How to Talk Friends and Family Down From Supporting the Anti-Trans Ballot Measure

On Wednesday, Just Want Privacy -- the group that formed as part of the backlash to the Human Rights Commission's transgender access-to-facilities rule -- filed their initiative with the Washington Secretary of State, which means that signature-gatherers are about to fan out to a street corner near you.

The campaign is co-led by the executive director of the Family Policy Institute of Washington and the president of the Washington Women's Network. And it is rapidly gaining momentum. If it collects roughly 267,000 valid signatures by July 8, voters are going to see an effort to repeal transgender rights on the November ballot.

To many -- including Mayor Ed Murray -- this is an extremist attack on transgender people, and a reminder to "remain vigilant" in the fight for LGBTQ rights, as the Mayor said in a statement following the narrow defeat of the Senate bill that would have done what this initiative is now attempting.

But the campaign's narrative is about "safety" and "privacy"; it paints a harrowing world in which a "dangerous bathroom rule" paves the way for rapists and peeping Toms to leer at and attack women and girls. It claims that it has no beef with transgender people, just with predatory men. Vitriolic comments on both sides of the issue pepper its Facebook page -- which had 2,390 Likes as of March 2 -- as well as alarmist news articles that exemplify the fears at play here, such as that men dressed as women or verbally identifying as transgender women can (and apparently do, once in a while) show up in women's bathrooms for lewd reasons.

It seems shocking to many that the clarification of a 2006 civil rights protection is creating such a furor. But because "transgender" does not, by its very definition, function in clear binaries, and because enforcing civil rights protections often requires common sense and human decency, as opposed to some kind of clear line in the sand, the fear-mongerers and bigots in the room are getting fierce and frightening.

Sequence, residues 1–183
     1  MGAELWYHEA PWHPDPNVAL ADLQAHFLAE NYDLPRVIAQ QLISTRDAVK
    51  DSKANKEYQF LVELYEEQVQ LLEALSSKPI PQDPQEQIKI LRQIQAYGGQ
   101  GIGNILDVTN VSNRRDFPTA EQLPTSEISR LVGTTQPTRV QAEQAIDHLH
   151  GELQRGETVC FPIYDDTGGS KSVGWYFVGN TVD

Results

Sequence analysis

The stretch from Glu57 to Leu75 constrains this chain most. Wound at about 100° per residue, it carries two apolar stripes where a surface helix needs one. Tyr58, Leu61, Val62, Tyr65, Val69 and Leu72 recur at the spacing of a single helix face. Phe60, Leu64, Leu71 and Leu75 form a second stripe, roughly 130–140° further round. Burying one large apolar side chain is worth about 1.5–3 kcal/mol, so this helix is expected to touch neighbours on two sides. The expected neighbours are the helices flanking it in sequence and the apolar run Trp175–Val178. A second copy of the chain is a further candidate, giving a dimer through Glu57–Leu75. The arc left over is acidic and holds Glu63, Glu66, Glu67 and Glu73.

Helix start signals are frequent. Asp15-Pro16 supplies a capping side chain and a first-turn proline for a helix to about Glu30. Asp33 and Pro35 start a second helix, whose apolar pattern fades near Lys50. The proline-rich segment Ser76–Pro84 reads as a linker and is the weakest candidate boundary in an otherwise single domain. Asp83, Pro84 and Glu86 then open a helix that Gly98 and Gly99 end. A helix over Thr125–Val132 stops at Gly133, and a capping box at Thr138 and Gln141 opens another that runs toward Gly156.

To help you navigate these waters, we've compiled this handy cheat sheet to responses you can give if you encounter one of these signature gatherers, be it outside your grocery store or while visiting relatives in Eastern Washington.

Argument: State law now allows dudes to walk into women's locker rooms.

Rebuttal: First off, men cannot enter women's bathrooms, or locker rooms, or any kind of gender-segregated facility in the state of Washington, according to the Human Rights Commission (HRC). Transgender women can--and that right has been protected under state law since 2006.

So no, that guy who entered a women's locker room at Evans Pool in Green Lake on February 8 in no way "tests" the rule. The man didn't identify himself as a transgender woman, did not dress or appear or sound at all like a woman, and, as a result, was asked to leave--a request that pool staff had every right to make. "His behavior is inexcusable and reprehensible," an HRC statement released last Friday reads. "And it is absolutely not protected under the law. […] People who enter the wrong gender-segregated facility for nefarious purposes can be asked to leave under no uncertain terms."

'Nefarious purposes'? Is that enforceable?